You can use something as simple as a yogurt tub on the kitchen counter if you want. I prefer a stainless steel pail for aesthetics, size, durability, light weight, machine wash-ability and one other very important aspect – they have no inside rim. Most kitchen buckets, like the porcelain style ones, have inside rims that catch all the small items like coffee grounds when you try to dump them, and are a pain to clean. The metal pails easily rinse out and can be run through the dishwasher.

They come with lids, but if you are regularly adding scraps, you may prefer to simply put the lid in a cabinet under the sink. If you empty your tub at least once daily, smell should never be an issue.

2. Compost unit

Obviously you need a place to empty the contents of that kitchen pail. There are hundreds of “simple” compost bins you can make with anything from used pallets (heat treated, please) to fallen logs to hardware cloth. There are also units you can buy, ranging in price from $40 to at least $530. Choosing a unit is perhaps the most confusing part for starters, so I’m going to try to simplify it a bit.


Keeps vermin out, but holds little. Most expensive option.

Afraid of vermin-Tumbler style: If you live in an urban or semi-urban area and want to compost outdoors (rather than compost with worms in your basement) then get a tumbler style unit. They hold less and are more expensive than other types of compost units; they can be difficult to get the right carbon/nitrogen ratio; big ones can be cumbersome and difficult to turn, but animals aren’t going to get in them.






Best option for most people is the “bottom door” style. Holds a good amount of material, is easy to set up/maintain/empty.

Only compost a little or just starting-Bottom Door styleIf you don’t think you’ll make much compost, meaning you don’t have many compostable kitchen scraps or garden trimmings, then a “bottom door” style unit such as the Earth Machine is a good way to go. Put fresh material in at the top, pull finished compost out the bottom. (Every once in a while you should take stuff from the bottom and add to the top just to aerate.) Simple, low-to-moderate in price, limited in size but 2x-3x bigger than tumblers, and very easy to assemble.



New Age Composter/Bin-24 is big, bold, beautiful and what you need if you’re going to compost lots of leaves or anything else.

More compost, more kitchen scraps or more yard waste: Got leaves? Go big. This is when you want to have a large unit(s), whether that means making your own or buying a $40-$50 “New Age Composter“. These will hold more material which is, coincidentally, what is needed (close to 1 cubic yard capacity) to make “hot” compost. If you’re looking to compost leaves you need something this size. They can be a bit difficult to turn or aerate, but there are workarounds. (See “Accoutrements” below.)

3. Second compost unit

This can come later but eventually your first compost bin will get full, at which point your kitchen waste will start to pile up. Use #2 above as a guide to buy/build a second compost unit. If you only need something to hold leaves, the New Age Composter (above) is perfect, or you can build a cheap and easy leaf container from chicken wire or hardware cloth. (Scroll down to “wire-mesh holding unit.”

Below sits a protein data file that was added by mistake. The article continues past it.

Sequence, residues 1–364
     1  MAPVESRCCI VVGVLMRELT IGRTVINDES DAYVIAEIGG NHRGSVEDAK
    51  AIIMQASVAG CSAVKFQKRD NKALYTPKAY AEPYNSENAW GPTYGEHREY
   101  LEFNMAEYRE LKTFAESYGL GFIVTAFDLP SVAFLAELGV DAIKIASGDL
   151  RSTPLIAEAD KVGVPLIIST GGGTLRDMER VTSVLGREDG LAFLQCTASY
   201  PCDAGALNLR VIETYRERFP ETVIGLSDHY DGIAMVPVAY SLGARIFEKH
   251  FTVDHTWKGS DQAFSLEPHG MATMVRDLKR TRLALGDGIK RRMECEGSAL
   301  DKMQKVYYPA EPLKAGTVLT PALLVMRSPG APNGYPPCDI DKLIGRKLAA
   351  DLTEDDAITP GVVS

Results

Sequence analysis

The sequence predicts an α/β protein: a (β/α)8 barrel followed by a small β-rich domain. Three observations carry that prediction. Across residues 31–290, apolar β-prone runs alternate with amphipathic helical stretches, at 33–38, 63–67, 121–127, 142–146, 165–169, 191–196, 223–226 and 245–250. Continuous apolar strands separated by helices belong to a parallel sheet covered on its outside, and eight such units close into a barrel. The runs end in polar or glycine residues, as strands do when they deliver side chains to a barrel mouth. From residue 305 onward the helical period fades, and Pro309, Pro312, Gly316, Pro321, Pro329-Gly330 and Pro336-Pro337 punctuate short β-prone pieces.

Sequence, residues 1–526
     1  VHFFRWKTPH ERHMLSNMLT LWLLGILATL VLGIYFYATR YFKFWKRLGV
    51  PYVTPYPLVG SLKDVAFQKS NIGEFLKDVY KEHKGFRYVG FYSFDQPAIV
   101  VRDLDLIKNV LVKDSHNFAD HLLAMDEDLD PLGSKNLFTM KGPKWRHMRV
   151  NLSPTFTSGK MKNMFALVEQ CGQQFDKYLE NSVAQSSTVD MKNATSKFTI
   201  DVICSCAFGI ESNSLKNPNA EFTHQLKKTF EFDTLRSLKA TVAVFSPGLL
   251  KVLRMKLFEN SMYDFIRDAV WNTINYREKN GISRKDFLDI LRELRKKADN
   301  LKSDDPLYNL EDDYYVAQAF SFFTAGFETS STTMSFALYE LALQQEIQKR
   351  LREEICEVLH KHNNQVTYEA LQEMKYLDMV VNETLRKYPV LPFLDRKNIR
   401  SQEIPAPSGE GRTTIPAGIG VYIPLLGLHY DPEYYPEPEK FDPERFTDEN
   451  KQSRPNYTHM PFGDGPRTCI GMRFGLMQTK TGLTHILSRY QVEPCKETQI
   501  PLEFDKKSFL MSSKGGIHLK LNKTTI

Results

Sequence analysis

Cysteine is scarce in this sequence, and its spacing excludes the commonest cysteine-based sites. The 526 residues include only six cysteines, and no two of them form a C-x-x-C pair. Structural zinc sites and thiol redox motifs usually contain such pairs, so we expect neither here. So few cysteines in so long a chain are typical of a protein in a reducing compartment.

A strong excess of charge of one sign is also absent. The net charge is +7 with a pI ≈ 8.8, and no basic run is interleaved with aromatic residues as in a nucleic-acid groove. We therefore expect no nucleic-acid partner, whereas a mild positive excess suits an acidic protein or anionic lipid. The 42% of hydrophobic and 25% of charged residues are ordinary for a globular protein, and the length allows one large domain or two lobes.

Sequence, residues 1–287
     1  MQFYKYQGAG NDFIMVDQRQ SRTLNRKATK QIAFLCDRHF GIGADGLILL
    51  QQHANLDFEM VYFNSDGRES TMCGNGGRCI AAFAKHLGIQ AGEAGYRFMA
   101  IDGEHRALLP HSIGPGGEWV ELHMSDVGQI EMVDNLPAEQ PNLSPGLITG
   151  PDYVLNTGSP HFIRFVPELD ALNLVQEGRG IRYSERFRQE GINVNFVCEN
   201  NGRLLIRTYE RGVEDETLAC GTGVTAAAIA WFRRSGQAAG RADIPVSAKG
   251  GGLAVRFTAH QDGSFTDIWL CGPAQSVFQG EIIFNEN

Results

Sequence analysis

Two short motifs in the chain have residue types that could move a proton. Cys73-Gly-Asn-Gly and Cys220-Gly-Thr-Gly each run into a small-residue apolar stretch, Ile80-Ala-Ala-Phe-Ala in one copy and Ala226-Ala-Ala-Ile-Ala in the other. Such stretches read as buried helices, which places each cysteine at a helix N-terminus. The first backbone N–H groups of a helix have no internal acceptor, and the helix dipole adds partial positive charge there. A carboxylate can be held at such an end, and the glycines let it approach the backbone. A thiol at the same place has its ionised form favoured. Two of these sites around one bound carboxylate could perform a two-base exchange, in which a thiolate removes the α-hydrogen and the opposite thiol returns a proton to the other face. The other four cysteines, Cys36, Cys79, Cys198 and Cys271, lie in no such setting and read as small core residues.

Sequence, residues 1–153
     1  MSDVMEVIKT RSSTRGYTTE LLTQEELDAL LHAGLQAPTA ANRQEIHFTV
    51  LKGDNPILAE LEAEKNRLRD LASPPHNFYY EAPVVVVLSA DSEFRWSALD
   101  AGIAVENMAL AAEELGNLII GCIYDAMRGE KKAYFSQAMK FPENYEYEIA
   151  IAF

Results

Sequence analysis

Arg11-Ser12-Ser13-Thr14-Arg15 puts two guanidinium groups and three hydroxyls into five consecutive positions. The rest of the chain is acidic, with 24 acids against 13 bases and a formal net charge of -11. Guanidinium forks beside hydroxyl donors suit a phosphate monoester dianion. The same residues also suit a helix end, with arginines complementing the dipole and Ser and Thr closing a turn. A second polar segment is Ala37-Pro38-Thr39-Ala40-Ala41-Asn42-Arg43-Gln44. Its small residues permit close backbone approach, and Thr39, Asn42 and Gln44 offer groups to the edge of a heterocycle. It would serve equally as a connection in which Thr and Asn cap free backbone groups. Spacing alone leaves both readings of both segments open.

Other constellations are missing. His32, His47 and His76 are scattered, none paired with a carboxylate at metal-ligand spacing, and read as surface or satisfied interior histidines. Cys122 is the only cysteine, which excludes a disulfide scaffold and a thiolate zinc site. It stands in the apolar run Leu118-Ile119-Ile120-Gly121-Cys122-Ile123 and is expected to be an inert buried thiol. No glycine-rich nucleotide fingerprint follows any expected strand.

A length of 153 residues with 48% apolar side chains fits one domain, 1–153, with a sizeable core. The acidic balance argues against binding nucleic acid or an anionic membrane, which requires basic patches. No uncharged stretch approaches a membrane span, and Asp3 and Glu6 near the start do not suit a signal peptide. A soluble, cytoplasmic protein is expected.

4. Accoutrements

The things people sell to “help” you compost are limitless. You need very few of them, perhaps none other than a shovel, but here are some items that most will find useful.

– Shovel. Yes indeed, any old shovel will do. Regardless which style composter you buy, you’ll eventually want to shovel that compost from the unit to another place and a shovel is the right tool for the job.

– Aerating tool. This can be the shovel, if you have a “bottom door” style unit. Tumblers don’t need any aeration tool – turning aerates the pile. For those with larger piles I recommend two tools, a pitchfork and a cordless drill.

Bulb auger is great at aerating partially-decomposed (not fresh) compost.




Specifically, I have become a big fan of using a bulb auger in the drill. This pokes holes deep into the pile, aerating it and mixing contents as well. Please, just make sure your drill is set to the “drive” mode, typically number 1 on most drills, rather than the “drill” mode which spins faster.

One of the most important tools for making fine compost.

– Garden Shears (clippers). If your goal is fine, crumbly compost then clippers are far more important than a compost screen. This is for yard stuff, not most kitchen waste. The best way to get a hot compost pile (which kills diseases and most weed seeds, and finishes faster) is by making sure material is small before adding it. You don’t need to finely dice your tomato stalks in the fall, but chopped up they will decompose faster and hotter because you’ve given bacteria a helping hand. If you have a garden, you probably have a good pair already – use them. (An aside: Do NOT add sticks unless you want to sift them out later.)

Leaf shredder. You can also use a lawn mower.